China has bowed to lobbying from the European Union and lifted a ban on soft, mould-ripened cheese such as Brie, Camembert, Gorgonzola, Danish Blue, Roquefort and Stilton. 

The ban was introduced in early September with Chinese authorities stating the mould contained colonies of bacteria that had not been officially approved.

But quarantine officials lifted the ban over the weekend after a meeting with European Union officials.

Imports of the banned cheeses can resume immediately.

In a statement, the EU said: “The EU’s position has always been clear: the techniques and cultures questioned by the Chinese have been used by EU cheese makers for centuries, and European cheeses clearly do not pose a risk to consumer health.

“According to the rules of the World Trade Organization, all members have to accept international production standards unless there is a justified risk.”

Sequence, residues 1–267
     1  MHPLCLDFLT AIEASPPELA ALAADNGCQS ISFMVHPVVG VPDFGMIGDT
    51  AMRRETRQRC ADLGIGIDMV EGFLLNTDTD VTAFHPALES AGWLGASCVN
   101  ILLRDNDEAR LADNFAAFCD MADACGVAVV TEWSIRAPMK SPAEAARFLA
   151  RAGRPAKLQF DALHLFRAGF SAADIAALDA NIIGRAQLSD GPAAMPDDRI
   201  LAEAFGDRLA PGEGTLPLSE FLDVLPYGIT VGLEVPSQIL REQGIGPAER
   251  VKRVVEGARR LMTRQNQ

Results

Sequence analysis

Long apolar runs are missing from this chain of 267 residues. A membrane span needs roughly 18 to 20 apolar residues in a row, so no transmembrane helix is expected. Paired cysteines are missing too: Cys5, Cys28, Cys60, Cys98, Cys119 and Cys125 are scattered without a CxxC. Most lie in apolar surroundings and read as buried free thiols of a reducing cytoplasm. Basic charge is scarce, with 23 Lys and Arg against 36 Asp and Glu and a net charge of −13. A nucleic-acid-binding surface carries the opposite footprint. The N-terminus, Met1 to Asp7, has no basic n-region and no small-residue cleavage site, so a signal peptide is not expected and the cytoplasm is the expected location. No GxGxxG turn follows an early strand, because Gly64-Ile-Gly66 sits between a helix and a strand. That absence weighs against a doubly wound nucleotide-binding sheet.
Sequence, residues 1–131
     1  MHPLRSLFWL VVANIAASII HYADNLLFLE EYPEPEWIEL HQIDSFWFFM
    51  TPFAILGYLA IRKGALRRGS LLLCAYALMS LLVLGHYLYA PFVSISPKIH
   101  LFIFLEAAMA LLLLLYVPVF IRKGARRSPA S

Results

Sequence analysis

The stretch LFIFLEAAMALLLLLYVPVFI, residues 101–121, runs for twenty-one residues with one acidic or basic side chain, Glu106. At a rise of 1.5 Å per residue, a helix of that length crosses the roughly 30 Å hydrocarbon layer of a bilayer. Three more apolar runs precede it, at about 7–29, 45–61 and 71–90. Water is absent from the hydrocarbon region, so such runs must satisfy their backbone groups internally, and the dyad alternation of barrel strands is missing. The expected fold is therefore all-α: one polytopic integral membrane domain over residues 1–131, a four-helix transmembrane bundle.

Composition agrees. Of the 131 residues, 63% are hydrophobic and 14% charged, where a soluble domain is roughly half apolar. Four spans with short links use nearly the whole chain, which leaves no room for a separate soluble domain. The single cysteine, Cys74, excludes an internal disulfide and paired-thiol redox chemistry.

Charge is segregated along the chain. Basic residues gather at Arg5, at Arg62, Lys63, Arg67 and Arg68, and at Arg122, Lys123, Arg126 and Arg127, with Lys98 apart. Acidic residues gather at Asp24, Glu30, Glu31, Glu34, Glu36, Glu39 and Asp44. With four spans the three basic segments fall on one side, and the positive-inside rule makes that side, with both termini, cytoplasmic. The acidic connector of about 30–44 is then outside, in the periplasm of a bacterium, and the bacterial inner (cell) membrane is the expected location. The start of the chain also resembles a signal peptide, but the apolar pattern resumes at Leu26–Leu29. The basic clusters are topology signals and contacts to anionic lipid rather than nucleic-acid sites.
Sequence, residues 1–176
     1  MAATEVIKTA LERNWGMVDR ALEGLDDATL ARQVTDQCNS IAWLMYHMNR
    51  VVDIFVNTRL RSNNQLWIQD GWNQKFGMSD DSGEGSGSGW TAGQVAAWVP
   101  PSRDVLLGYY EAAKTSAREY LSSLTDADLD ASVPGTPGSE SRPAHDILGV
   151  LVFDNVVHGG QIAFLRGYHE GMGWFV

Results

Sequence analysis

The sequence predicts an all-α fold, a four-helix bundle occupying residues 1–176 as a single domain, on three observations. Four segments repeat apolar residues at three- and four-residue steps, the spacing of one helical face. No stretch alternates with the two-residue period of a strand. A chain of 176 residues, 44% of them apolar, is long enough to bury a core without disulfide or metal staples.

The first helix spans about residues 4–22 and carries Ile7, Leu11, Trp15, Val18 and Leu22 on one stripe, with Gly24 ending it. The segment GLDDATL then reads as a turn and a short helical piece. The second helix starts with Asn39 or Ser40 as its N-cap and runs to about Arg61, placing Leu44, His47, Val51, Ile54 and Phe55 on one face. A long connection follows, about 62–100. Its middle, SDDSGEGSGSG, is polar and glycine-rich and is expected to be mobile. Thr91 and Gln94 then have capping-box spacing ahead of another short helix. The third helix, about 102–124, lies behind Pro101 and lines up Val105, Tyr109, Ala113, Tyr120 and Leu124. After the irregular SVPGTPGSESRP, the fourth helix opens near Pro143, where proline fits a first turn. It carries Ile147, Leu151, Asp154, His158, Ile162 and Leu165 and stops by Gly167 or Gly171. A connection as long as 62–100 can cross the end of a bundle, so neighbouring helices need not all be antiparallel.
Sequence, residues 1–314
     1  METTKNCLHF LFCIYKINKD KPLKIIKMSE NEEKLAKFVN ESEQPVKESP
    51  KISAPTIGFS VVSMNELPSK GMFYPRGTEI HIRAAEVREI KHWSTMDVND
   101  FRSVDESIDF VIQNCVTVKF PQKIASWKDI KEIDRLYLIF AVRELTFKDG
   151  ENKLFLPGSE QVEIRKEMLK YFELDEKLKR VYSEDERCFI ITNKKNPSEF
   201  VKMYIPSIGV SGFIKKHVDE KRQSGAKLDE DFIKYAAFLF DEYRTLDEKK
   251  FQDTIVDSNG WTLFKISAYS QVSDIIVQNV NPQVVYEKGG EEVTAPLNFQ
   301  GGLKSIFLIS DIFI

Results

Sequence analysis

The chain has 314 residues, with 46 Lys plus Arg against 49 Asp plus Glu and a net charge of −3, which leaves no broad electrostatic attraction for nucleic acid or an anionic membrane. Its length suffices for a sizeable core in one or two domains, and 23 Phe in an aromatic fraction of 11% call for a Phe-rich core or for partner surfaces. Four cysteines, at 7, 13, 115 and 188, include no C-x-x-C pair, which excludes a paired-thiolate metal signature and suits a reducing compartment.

The EU Delegation and the French Embassy will organise a technical seminar between European and Chinese experts to help update standards, in an effort to avoid future bans.

Research from Euromonitor, quoted by the BBC, reveals cheese sales in China are expected to reach CNY5.3bn (US$800m) this year, up 26% from last year.

More than 90% of it is imported, with most coming from New Zealand and Australia and an increasing amount of it used in products such as pizzas.